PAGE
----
Clients with hearing impairments neglected by law firms according to solicitors in London
A law firm’s duty to its clients
By the very nature of their work law firms deal with all sorts of clients in the course of their every-day practice. Each client comes with their own individual needs which a firm should try to satisfy but some clients require a special level of treatment. In particular, when dealing with clients who have learning difficulties, disabilities, visual impairments or language difficulties firms should adapt their approach to cater for their specific needs. Failing to do so means that those groups receive less of a service than other clients and could result in discrimination claims being brought against firms.
One group feeling under-cared for
The level of service provided to customers, including how individual needs are met, is monitored by consumer watchdogs. Recently the service provided to clients who are deaf or hard of hearing by law firms has been criticized. Consumer watchdogs have warned law firms that unless their service improves to these vulnerable groups of clients they may face a plethora of clams for discrimination.
The problems faced by the hearing impaired
In Britain alone there are over 10 million people who suffer from problems with their hearing. The problems range from minor impairments all the way to complete deafness, but for each individual their problem makes tasks like seeking legal advice just that bit harder. Many claims from the hearing impaired relate to welfare benefits, employment or discrimination in relation to the supply of goods and services. In order to be represented throughout the life of a claim a client must feel that their legal advisor understands their case and all the background information.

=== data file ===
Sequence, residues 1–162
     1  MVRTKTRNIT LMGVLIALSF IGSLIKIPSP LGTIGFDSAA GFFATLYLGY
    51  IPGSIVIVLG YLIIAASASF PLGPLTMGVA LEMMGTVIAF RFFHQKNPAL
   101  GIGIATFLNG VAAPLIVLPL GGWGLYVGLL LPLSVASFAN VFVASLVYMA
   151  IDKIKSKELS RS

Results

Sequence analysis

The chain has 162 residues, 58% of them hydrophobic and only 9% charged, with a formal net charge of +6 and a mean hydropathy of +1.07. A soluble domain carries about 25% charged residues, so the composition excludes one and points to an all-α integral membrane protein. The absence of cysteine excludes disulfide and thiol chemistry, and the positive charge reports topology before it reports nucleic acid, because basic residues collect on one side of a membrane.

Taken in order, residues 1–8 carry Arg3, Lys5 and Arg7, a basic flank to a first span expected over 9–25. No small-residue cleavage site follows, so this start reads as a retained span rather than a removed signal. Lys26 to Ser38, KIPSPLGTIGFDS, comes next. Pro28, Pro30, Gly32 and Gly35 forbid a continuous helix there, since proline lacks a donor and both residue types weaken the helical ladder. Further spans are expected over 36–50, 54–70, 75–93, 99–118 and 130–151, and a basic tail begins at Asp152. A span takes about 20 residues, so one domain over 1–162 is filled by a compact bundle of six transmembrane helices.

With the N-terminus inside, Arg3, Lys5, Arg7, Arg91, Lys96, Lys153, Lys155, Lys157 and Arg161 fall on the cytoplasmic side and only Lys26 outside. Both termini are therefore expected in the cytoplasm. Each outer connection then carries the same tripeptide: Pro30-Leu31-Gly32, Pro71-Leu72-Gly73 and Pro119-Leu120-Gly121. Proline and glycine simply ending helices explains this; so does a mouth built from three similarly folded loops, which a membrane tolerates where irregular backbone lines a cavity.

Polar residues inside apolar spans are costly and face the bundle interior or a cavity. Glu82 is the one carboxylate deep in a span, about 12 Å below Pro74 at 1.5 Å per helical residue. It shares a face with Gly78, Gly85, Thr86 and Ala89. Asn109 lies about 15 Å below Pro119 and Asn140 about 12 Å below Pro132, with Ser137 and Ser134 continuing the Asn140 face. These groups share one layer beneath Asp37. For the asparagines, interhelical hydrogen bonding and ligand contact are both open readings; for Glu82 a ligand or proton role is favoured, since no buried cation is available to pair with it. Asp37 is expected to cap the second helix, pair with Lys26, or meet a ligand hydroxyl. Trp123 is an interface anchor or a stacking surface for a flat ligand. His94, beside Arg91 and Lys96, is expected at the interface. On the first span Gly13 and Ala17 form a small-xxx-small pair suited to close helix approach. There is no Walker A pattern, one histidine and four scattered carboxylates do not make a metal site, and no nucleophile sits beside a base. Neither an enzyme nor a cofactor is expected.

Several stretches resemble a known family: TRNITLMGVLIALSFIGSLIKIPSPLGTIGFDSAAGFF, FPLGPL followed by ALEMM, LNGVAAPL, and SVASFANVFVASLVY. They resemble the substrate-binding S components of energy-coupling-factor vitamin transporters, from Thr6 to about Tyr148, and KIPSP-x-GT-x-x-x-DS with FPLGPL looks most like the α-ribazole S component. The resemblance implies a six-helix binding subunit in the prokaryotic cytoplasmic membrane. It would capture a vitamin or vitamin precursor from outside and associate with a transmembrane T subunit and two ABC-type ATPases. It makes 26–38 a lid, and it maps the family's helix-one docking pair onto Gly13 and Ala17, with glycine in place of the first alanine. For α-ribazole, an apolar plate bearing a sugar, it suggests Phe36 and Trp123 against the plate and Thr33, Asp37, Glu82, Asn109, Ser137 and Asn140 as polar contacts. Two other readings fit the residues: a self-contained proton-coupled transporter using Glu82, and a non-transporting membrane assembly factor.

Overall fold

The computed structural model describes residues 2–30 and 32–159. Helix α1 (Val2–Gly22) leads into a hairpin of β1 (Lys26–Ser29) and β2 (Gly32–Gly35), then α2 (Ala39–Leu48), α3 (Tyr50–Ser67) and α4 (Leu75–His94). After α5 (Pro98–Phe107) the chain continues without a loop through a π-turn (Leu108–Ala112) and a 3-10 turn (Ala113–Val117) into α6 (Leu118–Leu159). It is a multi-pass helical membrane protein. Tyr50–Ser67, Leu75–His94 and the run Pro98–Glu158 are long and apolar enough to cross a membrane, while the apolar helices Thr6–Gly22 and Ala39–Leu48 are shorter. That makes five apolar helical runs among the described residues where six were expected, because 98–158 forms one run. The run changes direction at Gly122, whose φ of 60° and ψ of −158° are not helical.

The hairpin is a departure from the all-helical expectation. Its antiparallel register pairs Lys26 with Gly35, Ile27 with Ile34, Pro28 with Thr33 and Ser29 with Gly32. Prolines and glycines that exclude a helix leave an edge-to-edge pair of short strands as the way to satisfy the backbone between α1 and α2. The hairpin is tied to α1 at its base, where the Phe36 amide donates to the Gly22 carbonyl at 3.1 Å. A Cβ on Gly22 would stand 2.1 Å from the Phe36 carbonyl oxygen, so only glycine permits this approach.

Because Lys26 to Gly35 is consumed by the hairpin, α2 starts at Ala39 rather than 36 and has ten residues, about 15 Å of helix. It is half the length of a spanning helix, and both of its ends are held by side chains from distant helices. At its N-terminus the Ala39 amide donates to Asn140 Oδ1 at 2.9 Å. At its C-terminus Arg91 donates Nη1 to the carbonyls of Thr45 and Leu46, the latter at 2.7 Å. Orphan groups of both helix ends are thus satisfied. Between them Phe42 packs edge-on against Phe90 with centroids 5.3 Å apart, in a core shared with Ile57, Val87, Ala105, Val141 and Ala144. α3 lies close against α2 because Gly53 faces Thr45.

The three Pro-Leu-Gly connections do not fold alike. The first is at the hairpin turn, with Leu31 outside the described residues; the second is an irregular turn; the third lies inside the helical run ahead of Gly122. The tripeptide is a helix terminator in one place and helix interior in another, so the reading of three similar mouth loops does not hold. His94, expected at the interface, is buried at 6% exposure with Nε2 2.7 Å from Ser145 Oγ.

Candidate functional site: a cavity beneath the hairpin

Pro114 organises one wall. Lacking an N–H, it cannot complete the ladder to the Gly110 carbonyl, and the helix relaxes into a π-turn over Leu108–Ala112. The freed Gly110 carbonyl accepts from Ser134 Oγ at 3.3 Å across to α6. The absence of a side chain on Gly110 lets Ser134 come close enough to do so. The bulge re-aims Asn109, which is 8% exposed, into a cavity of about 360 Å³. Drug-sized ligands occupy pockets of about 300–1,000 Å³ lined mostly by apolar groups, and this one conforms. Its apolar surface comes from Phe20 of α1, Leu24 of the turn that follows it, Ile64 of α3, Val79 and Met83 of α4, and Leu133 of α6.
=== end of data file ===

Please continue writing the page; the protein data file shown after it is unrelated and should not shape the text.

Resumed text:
Communication between client and lawyer is of utmost importance and without it the client may feel like no one is on their side and they have not received proper representation. According to nearly 2000 complaints received by the Royal Association for Deaf People (RAD) in the last 5 years clients with hearing impairments are feeling that this first stage of the process is not happening and law firms are not preparing and adapting their methods to promote fruitful and effective communication with them. This has led the hearing impaired to feel isolated and vulnerable and to see their lawyers as adversaries rather than on their side.
What law firms need to do
It seems unlikely that the barriers to communication are the result of any intended malice or resentment toward the hearing impaired. It seems that the problem stems more from a lack of awareness of the specific needs and requirements of this group of clients. As a result of this exposure of failing to cater for the needs of the hearing impaired two initiatives are to be launched to help raise awareness.
Firstly, the Solicitors Regulation Authority (SRA) is to release best-practice guidelines, with online training elements and videos , in order to deal with:
- Services available to interpret
- The differences in how the law applies
- Different ways to effectively communicate
It is hoped that raised awareness will eradicate the current problems deaf people face in law firms such as failures to adapt materials, non-functional loop systems, failures to provide or pay for sign-language interpreters even when requested and inadequate lighting in conference rooms.
Secondly, the RAD is to release a charter which law firms will be able to sign up to. This will follow training programmes as part of lawyers’ Continuing Professional Development, providing education and awareness in dealing with deaf clients. The RAD hope to create a minimum standard which is adhered to nationwide in the provision of legal services to the deaf and hard of hearing.
Will firms react?
Whether it is through these schemes or off their own back law firms need to clean up their act if they are to avoid discrimination claims and remain competitive in the current economic climate where reputation is everything.